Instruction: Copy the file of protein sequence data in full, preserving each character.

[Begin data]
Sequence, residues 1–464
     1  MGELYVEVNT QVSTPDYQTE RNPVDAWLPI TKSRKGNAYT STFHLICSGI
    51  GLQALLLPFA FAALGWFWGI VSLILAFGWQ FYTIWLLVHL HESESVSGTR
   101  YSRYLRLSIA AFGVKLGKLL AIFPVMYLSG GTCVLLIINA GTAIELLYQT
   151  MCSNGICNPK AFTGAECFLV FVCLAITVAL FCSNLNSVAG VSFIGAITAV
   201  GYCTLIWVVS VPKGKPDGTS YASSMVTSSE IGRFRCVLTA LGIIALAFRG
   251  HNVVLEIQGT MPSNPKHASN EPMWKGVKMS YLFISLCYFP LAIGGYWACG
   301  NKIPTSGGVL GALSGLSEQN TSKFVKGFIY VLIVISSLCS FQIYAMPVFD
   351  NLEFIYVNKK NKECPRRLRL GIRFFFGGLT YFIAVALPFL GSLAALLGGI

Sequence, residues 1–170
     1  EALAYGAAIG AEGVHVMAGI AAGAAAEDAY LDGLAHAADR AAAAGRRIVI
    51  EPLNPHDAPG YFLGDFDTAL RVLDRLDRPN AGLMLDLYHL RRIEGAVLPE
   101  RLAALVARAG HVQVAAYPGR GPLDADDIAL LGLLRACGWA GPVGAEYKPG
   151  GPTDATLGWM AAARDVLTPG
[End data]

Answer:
Sequence, residues 1–464
     1  MGELYVEVNT QVSTPDYQTE RNPVDAWLPI TKSRKGNAYT STFHLICSGI
    51  GLQALLLPFA FAALGWFWGI VSLILAFGWQ FYTIWLLVHL HESESVSGTR
   101  YSRYLRLSIA AFGVKLGKLL AIFPVMYLSG GTCVLLIINA GTAIELLYQT
   151  MCSNGICNPK AFTGAECFLV FVCLAITVAL FCSNLNSVAG VSFIGAITAV
   201  GYCTLIWVVS VPKGKPDGTS YASSMVTSSE IGRFRCVLTA LGIIALAFRG
   251  HNVVLEIQGT MPSNPKHASN EPMWKGVKMS YLFISLCYFP LAIGGYWACG
   301  NKIPTSGGVL GALSGLSEQN TSKFVKGFIY VLIVISSLCS FQIYAMPVFD
   351  NLEFIYVNKK NKECPRRLRL GIRFFFGGLT YFIAVALPFL GSLAALLGGI

Sequence, residues 1–170
     1  EALAYGAAIG AEGVHVMAGI AAGAAAEDAY LDGLAHAADR AAAAGRRIVI
    51  EPLNPHDAPG YFLGDFDTAL RVLDRLDRPN AGLMLDLYHL RRIEGAVLPE
   101  RLAALVARAG HVQVAAYPGR GPLDADDIAL LGLLRACGWA GPVGAEYKPG
   151  GPTDATLGWM AAARDVLTPG